I was just into the first year of owning, running and writing editorial for my first startup, Stylediary, when designer Rebecca Minkoff's "Morning After Bag" hit the scene. Nearly five years later, I've sold the startup while Minkoff has gone on to see her own double in growth every year since. This past week, the two of us hopped on a call to chat about just that -- how does an upstart entrepreneur go from launch to being the number one fashion accessory designer in the country? Like any true-blooded Power Girl, I had to find out.
Minkoff's start as a fashion business founder was not unlike my own, or that of many companies today like Facebook and YouTube. It began in her New York apartment, where she had sewn t-shirts by hand. Facebook was started in a college dorm. YouTube, as the story goes, in a garage outside of San Francisco. And just like them, Minkoff's line caught the eye of mainstream media and consumers. Her now infamous "I Love New York" t-shirt, stitched together by Minkoff herself on her free time, landed in Us Weekly and Jay Leno. Not bad for a first crack at the business.
Today, the line is regularly in fashion and mainstream media, including all the top fashion glossies. Actresses Kiera Knightley and Reese Witherspoon are among celebrity fans. This past week, TV personality and author Lauren Conrad noted it as a favorite in Us Weekly. As she and I settled into conversation, I was dying to ask what everybody wants to know: What has been the secret behind her company's incredible success?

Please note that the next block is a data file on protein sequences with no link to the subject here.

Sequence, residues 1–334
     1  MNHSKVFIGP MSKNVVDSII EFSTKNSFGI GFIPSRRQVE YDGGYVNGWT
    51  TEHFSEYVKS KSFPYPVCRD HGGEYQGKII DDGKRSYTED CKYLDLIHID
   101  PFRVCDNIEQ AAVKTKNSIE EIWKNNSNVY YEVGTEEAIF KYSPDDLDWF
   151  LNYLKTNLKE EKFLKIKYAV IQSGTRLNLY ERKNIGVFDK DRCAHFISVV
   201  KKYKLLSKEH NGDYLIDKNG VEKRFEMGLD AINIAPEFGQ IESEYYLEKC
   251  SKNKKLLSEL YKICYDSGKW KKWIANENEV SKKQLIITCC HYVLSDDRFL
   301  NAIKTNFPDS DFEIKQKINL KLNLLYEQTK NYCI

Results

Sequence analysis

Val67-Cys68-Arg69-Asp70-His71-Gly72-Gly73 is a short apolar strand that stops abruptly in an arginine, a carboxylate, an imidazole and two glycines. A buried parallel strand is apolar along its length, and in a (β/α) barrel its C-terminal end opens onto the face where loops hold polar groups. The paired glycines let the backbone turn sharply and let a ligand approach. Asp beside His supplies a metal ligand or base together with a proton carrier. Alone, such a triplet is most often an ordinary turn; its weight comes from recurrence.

"My mom was very entrepreneurial," she starts, sharing how she found her way into the fashion industry. She once held an internship, and as mentioned hand-sewn her first collection herself. After her first two hits, she and her brother decided to collaborate. But it wasn't just entrepreneurship and ambition being in her blood, or the collection's media coverage. In fact, what Minkoff credits to the line's explosive growth is something rarely heard and seen in much of the business world today, where companies feel they need to be everything to everyone, and products are often created for ad dollars versus what customers might want or need.
"I've always tried to design things around our customers," Minkoff shares. "Even before the days of social networks, I was always in communication with them."
From listening to their needs and wants, to connecting directly with them, to excellent customer service, Minkoff put shoppers first. That's something rare in the midst of a time where executives and CEOs blog and Twitter endlessly about themselves, their lives, their doings, etc. versus what new and existing customers may really be looking for. Minkoff, like a lot of great founders in any market, found success in putting the attention on the opposite end.
It's a formula that has worked. In the past year, she's relaunched apparel to her collection, and is about to open her first retail store. Not bad for a company that's just five years old. She's a true Power Girl!
For more information on Minkoff, to see her line or to buy, visit www.rebeccaminkoff.com